Looking out over the nearside aircraft wing, the first golden rays of daylight pierce the distant horizon, as the air steward announces in kiswahili of our impending landing in Nairobi, the capital of Kenya. I have travelled with a team of 15 to help with a conference, musical concerts and takeing supplies to village schools. The tannoy system crackles into life again, “Karibu”, welcome to Kenya.
Straddling the equator, Kenya lies on the East Coast of Africa, with a melting pot of more than 70 different people groups and cultures. Most people come to view the breathtaking landscapes and explore some of the best wildlife parks in Africa but do not realise that this is the 22nd poorest country in the world. With a population of around 30 million, over 50% still do not have access to clean drinking water. In recent years, political violence surrounding the 1997 elections, the bombing of the US embassy in the heart of Nairobi which killed 200 people in August 1998, and the disastrous El Nino rains which caused flooding and disease have been major setbacks for the country and its tourism.
With our well overloaded baggage jammed into a local bus, (the airline loved us…..) it was a surprise to find that Nairobi was a bustling, colourful, car honking metropolis of a city, because until the19th Century it had been a watering hole for the Maasai people. Modern office blocks, skyscrapers, Burger King and colonial style buildings invaded the skyline whilst the overflowing pavements hosted a plethora of kerbside vendors, suited businessmen and dishevelled street dwellers.
Whilst exploring this city of amazing contrasts, the roar of what seemed a football crowd filled the air. Suddenly, hundreds and hundreds of chanting white turbaned Muslims, running full tilt down the main highway came into view. Finger pointing youths shouting “Israel must go!” passed, hands raised almost trance like, their cause filling their eyes with hatred, oblivious it seemed to the rest of life. Nearby in a park, contrary hands reached skywards under the shade of a beautiful purple jacaranda tree, as a gospel choir singing their congregational anthems seemed to respond with even more vigour to the raging mob. Its one thing to watch these things in the comfort of an armchair and your remote, but to be within spitting distance, chilled the spine and made you aware of the wild side of this beautiful nation.
Minutes later another side of city life unexpectedly came upon us, as a tiny, bare footed street girl, Monica, entered our lives. Tracking us, after that life-giving shilling (Kenyan coinage), she tightly held onto my little finger, coaxing us for bread and milk from a local supermarket. With a lump in my throat, the last I saw of little Monica, was as she disappeared into the concrete jungle amongst a sea of skyscraper adults, tightly clutching her bag of bounty, now just another street statistic.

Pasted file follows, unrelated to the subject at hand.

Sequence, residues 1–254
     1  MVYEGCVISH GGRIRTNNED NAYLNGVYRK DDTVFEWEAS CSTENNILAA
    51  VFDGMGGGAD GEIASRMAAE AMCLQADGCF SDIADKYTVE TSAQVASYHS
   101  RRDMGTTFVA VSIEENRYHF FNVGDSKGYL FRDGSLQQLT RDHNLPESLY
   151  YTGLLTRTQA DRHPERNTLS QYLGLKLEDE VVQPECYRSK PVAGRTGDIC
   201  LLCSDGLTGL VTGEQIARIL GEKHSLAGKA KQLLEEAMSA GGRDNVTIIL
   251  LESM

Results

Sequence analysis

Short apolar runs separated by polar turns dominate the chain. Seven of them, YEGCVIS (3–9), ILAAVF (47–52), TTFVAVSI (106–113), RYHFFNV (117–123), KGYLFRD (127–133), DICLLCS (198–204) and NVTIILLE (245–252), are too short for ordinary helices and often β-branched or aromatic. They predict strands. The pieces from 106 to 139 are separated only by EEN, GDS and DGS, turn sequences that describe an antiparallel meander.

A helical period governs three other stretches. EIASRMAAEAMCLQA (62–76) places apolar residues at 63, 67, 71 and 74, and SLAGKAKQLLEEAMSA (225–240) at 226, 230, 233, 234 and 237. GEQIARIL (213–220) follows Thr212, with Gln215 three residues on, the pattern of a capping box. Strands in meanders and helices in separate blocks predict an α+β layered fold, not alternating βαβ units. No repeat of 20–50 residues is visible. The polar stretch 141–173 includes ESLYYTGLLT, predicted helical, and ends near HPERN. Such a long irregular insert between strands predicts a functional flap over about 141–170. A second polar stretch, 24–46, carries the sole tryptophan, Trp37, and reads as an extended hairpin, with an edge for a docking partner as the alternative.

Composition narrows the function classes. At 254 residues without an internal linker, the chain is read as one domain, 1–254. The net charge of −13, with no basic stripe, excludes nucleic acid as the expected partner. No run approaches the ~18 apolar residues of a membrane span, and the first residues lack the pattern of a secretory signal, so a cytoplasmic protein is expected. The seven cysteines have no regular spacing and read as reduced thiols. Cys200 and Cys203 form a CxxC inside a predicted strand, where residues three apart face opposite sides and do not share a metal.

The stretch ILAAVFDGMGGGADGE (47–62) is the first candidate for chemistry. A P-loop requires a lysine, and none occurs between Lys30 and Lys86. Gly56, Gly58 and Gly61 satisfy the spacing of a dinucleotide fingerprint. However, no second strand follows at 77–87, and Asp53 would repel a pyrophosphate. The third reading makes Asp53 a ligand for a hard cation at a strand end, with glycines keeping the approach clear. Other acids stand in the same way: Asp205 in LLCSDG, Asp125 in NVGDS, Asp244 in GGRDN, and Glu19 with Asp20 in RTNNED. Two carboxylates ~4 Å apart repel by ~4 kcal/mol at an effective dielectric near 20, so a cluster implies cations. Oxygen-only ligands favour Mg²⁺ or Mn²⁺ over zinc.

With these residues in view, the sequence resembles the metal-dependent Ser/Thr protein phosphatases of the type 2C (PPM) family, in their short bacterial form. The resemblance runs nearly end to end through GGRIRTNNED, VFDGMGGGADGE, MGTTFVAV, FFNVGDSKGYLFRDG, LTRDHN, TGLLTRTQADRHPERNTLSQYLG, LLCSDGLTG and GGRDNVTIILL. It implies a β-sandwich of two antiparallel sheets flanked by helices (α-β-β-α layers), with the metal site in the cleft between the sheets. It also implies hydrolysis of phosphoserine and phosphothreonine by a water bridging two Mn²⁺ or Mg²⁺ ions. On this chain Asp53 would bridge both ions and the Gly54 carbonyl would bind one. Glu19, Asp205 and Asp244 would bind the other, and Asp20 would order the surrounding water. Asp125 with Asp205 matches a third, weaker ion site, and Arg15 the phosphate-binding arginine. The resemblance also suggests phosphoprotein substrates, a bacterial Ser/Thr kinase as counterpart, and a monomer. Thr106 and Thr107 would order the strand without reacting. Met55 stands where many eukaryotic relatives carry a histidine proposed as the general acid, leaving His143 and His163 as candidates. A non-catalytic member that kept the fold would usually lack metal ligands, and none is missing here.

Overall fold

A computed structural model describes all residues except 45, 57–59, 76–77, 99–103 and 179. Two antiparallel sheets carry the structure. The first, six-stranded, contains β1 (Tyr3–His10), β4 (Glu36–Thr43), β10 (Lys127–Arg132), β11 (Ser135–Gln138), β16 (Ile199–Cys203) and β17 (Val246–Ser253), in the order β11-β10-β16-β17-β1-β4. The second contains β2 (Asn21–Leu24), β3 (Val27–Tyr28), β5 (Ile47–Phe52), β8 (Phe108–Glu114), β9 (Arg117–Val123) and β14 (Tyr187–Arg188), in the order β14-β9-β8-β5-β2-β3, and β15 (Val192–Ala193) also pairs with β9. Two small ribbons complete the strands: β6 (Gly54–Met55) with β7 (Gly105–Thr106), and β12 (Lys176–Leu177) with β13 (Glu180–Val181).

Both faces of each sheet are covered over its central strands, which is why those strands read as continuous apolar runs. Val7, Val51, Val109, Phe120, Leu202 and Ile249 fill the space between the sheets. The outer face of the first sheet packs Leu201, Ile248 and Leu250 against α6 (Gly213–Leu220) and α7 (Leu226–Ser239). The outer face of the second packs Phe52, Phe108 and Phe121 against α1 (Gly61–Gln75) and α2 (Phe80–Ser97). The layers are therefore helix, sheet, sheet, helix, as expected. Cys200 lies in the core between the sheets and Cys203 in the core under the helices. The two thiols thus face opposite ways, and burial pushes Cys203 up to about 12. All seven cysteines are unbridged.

At night Nairobi explodes into vibrant life. The cacophony of sound that assaults the ears includes endless brightly graffitied matatu’s (Kenyan buses) which break the decibel level with horns of immense pitch and variety and thunderous musical systems. Their ticket touts banging the sides of these quite unique vans at potential passing customers. As I lay in my hotel bed, trying to sleep, somewhere in the barrage of noise I pick out the faint sound of distress as a small child’s tears cry out for recognition. I had arrived in yet another fast moving city that seems to have no time to care for the Monica’s of this world.
The next day we drove to Nakuru to drop off the counselling team and on to Elbargon our home for the next few days. The drive to Nakuru is absolutely spectacular; passing through the Rift valley, a rift system that stretches 6000 km, from the Red Sea to Mozambique. Flat topped acacia and baobab trees, whistling thorn bushes and bizarre upside down umbrella shaped cactus trees, speckle the scrub landscape whilst lone shepherds tend their flocks and zebra send sand storms into the air as they bathe in dust bowls by the side of the road. The scenery constantly changes, distant gleaming white soda lakes and volcanic looking peaks making way for forested green valleys, whilst small pockets of wooden huts form villages which give shelter to the locals from the ever intense day time sun.
The counselling course was held in a conference centre on the edge of a National Park. Overlooking Lake Nakuru, the view was breathtaking, with its waters edge tinged pink with thousands of flamingos, antelopes grazing on the near slopes, eagles catching the warm thermals above and apparently lions on the other side of the lake. I thought that at any moment David Attenborough would appear explaining the habitat to a BBC camera.